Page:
The Mystery of God and Veils
A couple of weeks ago I wrote about sacred images; today I want to write about something that serves as a sort of complement to sacred images, veils. Sacred images remind us that God has made himself known and sanctified us through the humanity of Jesus Christ; veils remind us that in this life we still receive the divine light through the veil of faith, rather than the face-to-face vision of the heavenly kingdom.
One ancient Christian writer put it this way: “We cannot be enlightened by the divine rays except they be hidden within the covering of many sacred veils.” (Dionysius the Areopagite, quoted by St. Thomas Aquinas, ST Ia q11a9)
St. Paul writes to Timothy giving glory to God who dwells in unapproachable light, and whom no man has seen or can see. (1 Tim 6:16) St. John tells us that no one has ever seen God. The only Son, God, who is at the Father’s side, has made him known. (Jn 1:18)
This is why we speak of God, in his own nature, as a “mystery”. Of course a “mystery” is something hidden and a “veil” keeps something hidden. A “revelation” is literally an “unveiling”, which makes known something previously hidden, a mystery.
In this life God ultimately always remains a “mystery”. Even in the beatific vision of heaven God will always exceed what any created being knows of him and so, to that extent will also remain a “mystery”. Nevertheless, we could say that in the life God is always more a mystery than he is known, while in heaven he is more known than he is a mystery.
That means that however much God reveals himself to us in this life, even through the sacred humanity of his Son, Jesus Christ, the veil of faith always remains.
Still, we could speak of two types of veil: opaque veils that tell us there is some reality that is hidden and translucent veils that allow something of the light to shine through. We could say that the Old Testament is characterized more be the opaque type of veil, while the New Testament is characterized by the translucent veil.
Let us consider some the veils, through which we come to know the mystery of God.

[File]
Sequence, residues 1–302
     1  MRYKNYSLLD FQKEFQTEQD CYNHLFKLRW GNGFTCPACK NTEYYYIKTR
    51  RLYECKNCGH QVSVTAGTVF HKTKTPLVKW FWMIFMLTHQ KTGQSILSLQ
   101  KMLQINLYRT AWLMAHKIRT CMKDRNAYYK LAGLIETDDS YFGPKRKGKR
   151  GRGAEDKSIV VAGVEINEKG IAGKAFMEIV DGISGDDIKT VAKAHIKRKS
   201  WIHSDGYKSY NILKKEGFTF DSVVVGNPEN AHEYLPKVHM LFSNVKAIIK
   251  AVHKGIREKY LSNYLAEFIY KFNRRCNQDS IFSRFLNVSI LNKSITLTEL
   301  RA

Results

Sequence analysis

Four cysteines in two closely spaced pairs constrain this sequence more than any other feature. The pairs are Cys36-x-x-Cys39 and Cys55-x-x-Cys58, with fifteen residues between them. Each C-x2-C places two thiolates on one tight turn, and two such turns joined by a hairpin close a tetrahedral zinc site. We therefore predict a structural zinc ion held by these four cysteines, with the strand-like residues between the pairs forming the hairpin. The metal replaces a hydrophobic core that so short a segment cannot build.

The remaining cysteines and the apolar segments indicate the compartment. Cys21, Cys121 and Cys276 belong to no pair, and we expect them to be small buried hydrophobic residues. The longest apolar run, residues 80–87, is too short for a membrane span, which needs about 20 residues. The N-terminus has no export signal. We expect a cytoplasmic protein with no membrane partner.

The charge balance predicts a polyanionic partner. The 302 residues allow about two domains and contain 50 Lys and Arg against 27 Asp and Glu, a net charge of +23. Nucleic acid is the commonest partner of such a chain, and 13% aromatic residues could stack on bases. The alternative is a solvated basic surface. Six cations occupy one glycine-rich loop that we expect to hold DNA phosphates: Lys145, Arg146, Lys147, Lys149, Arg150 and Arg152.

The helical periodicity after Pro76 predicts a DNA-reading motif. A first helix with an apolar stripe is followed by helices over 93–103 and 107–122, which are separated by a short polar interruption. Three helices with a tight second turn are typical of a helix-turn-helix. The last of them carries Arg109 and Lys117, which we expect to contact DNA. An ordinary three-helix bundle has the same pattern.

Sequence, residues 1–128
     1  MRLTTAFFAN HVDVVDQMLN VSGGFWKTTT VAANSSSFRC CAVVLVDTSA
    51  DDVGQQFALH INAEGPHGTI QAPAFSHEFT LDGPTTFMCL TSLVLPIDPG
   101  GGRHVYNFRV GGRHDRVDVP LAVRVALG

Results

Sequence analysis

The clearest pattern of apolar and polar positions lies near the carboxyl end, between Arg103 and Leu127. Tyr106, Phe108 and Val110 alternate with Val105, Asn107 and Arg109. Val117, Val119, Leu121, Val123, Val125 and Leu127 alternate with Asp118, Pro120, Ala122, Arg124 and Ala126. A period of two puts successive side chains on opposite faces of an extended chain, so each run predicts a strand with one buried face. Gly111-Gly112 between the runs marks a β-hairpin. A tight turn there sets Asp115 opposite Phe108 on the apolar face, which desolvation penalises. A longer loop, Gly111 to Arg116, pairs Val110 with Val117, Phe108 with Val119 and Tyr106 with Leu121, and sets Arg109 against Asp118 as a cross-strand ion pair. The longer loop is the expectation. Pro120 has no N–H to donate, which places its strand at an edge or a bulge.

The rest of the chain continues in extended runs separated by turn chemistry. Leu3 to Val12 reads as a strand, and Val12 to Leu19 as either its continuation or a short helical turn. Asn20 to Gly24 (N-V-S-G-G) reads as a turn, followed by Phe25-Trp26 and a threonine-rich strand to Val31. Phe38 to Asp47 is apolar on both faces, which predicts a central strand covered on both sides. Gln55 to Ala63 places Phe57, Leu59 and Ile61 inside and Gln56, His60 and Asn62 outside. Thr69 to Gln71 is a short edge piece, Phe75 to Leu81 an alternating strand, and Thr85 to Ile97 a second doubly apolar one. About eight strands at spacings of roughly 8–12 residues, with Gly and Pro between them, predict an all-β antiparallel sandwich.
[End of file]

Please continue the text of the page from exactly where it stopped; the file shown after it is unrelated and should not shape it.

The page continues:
First of all there are the very words of Sacred Scripture. They are like veils in the sense that no matter how much they make God known too us, ultimately God remains hidden from view. Jesus alluded to this at the Last Supper when he told his disciples, I have told you this in figures of speech. The hour is coming when I will no longer speak to you in figures but I will tell you clearly about the Father. (Jn 16:25) Finally, all the words about God, even the most direct, are like figures of speech in comparison to the vision of God in heaven.
Second there are the sacraments. These are defined as “efficacious signs of grace, instituted by Christ and entrusted to the Church, by which divine life is dispensed to us” (CCC 1131). A sign is like a veil because it points to a hidden reality. Grace is always a hidden reality, a “mystery”, because it is nothing less than a sharing in the very life of God, the mystery of God. The sacraments, however, are more than just signs, they actually produce in us, as instruments in Christ’s hands, the reality of grace that they signify. They not only make known the mystery of grace, they make us to share in the mystery of grace. For this reason the sacraments are themselves at times also called “mysteries”.
Third, there are sacred images. The sacred images speak to us about the reality of human nature transformed in God by the grace of Jesus Christ. But once again the sacred image is like a veil that only allows a portion of the light to pass through; the full reality will remain hidden from us until we come to share it in the life of heaven.
Note that the tradition of actually veiling sacred images from the 5th Sunday of Lent until Holy Saturday reminds us that before Jesus’ death and resurrection heaven was still closed and humanity had yet to be transformed by grace.
Fourth, there are the many veils that are used in the liturgy.
In liturgies of the byzantine rite, the altar area itself is ‘veiled’ by the iconostasis, a wall covered with icons. Even in our western liturgy the separation of the altar area (properly called the ‘sanctuary’ or ‘prebysterium’) is a sign of the place where heaven and earth meet and a reminder that we do not yet enjoy the full unveiled reality of heaven.
There is also the veil over the tabernacle, which indicates the presence of Christ, hidden beneath the veil of the sacrament.
There is also the veil that covers the chalice until it is brought to the altar. This tells us that what takes place on the altar is an unveiling of the mystery.
The missal (Mass Book) on the altar also shares in the symbolism of veiling and unveiling. The missal is not just a practical tool that contains the prayers of the priest, it bears the symbolism of the scroll with seven seals that only the Lamb, the High Priest, can open. (cf. Rev 5:1-6:1)
The opening and closing of the altar missal by the priest tells us that the reality that is accomplished on the altar is the same as that brought to pass by the Lamb who was slain: the mystery of our salvation in Christ.
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